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Honorable Men: My Life in the CIA Hardcover – May 15, 1978


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Product Details

  • Hardcover: 493 pages
  • Publisher: Simon & Schuster; First Edition edition (May 15, 1978)
  • Language: English
  • ISBN-10: 0671228757
  • ISBN-13: 978-0671228750
  • Product Dimensions: 9.3 x 6.6 x 1.7 inches
  • Shipping Weight: 2.2 pounds
  • Average Customer Review: 4.7 out of 5 stars  See all reviews (6 customer reviews)
  • Amazon Best Sellers Rank: #217,017 in Books (See Top 100 in Books)

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5 of 6 people found the following review helpful By Yaakov (James) Mosher on June 25, 2012
Format: Hardcover
Former Central Intelligence Agency Director William Colby doesn't tell all and that's to his credit. This shows that he's one of the "Honorable Men" covered in the book's title.
By the way, the phrase "Honorable Men" comes from Colby colleague and CIA Director Richard Helms, who heroically kept the agency from politicization during Watergate at the cost of his job. Colby's trajectory as director was similar to that of Helms although what Colby ended up as a burnt offering to was the concept of openness. Following the social earthquakes of Vietnam and Watergate, CIA could not continue as the plaything of the American president, Colby boldly asserted. It had to become embedded in the court of public opinion. It was this difficult job of adjusting CIA to what the great David Hume called in another context the "new plan of liberty" that was Colby's greatest contribution and is the passion infusing this book.
It's impossible to miss this concept. It's all through Colby's wonderful prologue - "End of a Career" - and it's prominent on the final page when the director is sketching the internationalization of U.S. intelligence for the future. The Colby safety-in-numbers doctrine is best summed up in his comment to Soviet leader Leonid Brezhnev - "The more we know about each other the safer we will all be." (p. 470, original hardcover edition).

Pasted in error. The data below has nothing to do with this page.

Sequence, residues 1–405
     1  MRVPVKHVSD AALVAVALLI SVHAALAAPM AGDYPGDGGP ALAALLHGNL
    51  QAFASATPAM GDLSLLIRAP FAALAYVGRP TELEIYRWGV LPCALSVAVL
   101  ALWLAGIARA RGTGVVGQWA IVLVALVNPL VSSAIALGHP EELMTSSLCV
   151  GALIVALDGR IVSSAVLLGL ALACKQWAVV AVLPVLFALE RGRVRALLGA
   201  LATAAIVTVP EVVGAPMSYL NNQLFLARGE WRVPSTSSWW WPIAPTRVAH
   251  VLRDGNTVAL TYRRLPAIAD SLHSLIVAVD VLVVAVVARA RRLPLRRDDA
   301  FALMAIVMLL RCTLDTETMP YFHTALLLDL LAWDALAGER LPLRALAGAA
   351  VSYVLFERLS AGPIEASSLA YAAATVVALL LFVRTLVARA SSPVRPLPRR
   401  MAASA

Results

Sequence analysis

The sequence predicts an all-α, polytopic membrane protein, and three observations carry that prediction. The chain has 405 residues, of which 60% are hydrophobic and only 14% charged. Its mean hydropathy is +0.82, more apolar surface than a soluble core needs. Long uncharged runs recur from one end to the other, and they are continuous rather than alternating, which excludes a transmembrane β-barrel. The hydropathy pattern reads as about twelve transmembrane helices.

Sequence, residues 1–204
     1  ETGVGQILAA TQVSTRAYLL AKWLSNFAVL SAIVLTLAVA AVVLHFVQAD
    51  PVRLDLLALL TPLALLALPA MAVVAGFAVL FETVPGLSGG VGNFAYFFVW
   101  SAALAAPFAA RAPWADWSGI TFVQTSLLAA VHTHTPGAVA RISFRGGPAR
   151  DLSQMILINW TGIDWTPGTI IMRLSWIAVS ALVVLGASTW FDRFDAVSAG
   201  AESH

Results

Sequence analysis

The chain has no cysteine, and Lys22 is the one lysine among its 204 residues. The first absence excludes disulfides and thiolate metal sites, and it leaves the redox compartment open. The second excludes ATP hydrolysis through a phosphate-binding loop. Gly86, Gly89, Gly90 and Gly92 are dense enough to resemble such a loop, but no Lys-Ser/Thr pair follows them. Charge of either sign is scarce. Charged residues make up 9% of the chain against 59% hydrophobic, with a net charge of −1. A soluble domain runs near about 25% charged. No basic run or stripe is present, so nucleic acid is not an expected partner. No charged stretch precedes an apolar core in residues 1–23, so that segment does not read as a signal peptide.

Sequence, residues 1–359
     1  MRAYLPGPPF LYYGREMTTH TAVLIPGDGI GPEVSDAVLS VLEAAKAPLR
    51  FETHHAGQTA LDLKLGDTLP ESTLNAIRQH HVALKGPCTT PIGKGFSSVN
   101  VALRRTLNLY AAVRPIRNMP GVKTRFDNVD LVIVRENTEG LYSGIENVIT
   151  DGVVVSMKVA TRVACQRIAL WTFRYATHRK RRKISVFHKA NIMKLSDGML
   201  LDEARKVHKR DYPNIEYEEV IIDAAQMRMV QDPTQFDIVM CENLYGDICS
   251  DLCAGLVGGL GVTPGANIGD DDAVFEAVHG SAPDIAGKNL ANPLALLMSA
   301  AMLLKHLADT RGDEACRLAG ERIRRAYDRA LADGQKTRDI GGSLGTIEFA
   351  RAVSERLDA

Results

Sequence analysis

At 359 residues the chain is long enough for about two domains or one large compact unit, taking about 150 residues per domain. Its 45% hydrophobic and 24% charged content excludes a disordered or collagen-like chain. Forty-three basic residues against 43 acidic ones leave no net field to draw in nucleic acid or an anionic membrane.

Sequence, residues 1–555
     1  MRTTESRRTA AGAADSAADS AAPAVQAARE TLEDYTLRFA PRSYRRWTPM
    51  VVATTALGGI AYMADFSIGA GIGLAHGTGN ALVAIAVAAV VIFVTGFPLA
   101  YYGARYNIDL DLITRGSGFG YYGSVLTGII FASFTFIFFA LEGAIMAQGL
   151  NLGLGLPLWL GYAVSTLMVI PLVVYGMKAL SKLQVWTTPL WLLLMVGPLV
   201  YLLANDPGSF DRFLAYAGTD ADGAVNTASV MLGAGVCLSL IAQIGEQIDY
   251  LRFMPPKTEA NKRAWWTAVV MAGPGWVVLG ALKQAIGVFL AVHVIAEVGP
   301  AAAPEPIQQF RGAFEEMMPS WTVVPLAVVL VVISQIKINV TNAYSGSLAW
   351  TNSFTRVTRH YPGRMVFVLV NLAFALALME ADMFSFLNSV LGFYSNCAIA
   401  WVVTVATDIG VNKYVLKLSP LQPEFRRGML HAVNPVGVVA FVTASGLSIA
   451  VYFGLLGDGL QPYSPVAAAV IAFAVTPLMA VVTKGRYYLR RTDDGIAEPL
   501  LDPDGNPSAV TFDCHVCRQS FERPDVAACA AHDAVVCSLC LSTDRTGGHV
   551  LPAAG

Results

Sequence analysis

The only regret one will have today in reading "Honorable Men" is judging applicability of some of its prescriptions to the post 9/11 world. Colby notes (p. 230) that torture produces bad intelligence - something that the W. Bush and Obama administrations don't care to acknowledge. There are challenges presented by the expansion of government in this country that have international implications. Colby mentions the danger of cartels on page 461.
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By dtheta/dr on May 5, 2013
Format: Hardcover Verified Purchase
This is one of the main sources for the current book (2013) "Shadow Warrior". This one ends with the Ford Administration. I read it just before reading "Passionate Nation" a history of Texas. The same sorts of political distance is involved. Just knowing that Colby began in the 101st Airborne is relevant now when his recreation in London is boasted about.
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1 of 2 people found the following review helpful By Mervyn O. Hagger on November 28, 2013
Format: Hardcover Verified Purchase
This is a carefully crafted account of Colby's experiences which pretends to be open and frank, but it jumps around enough to allow him to skip over the fine print where the problems are. Its okay because I am retaining the book in order to balance out declassified information that has been released and which not only fills in the gaps, but it allows me to see how this man handles his concept of protecting not just the USA, but the rights of individuals. I had the chance to meet Colby after he retired and I had the chance to put a question to him which he chose not to answer. His stature was quite amazing because he seemed so irrelevant, yet I also met with one of the guys who served with him during the secret wars in South East Asia, and I was assured there were a lot of Vets who would like to kill him. Then Colby drowned in his own back yard on a nice day.
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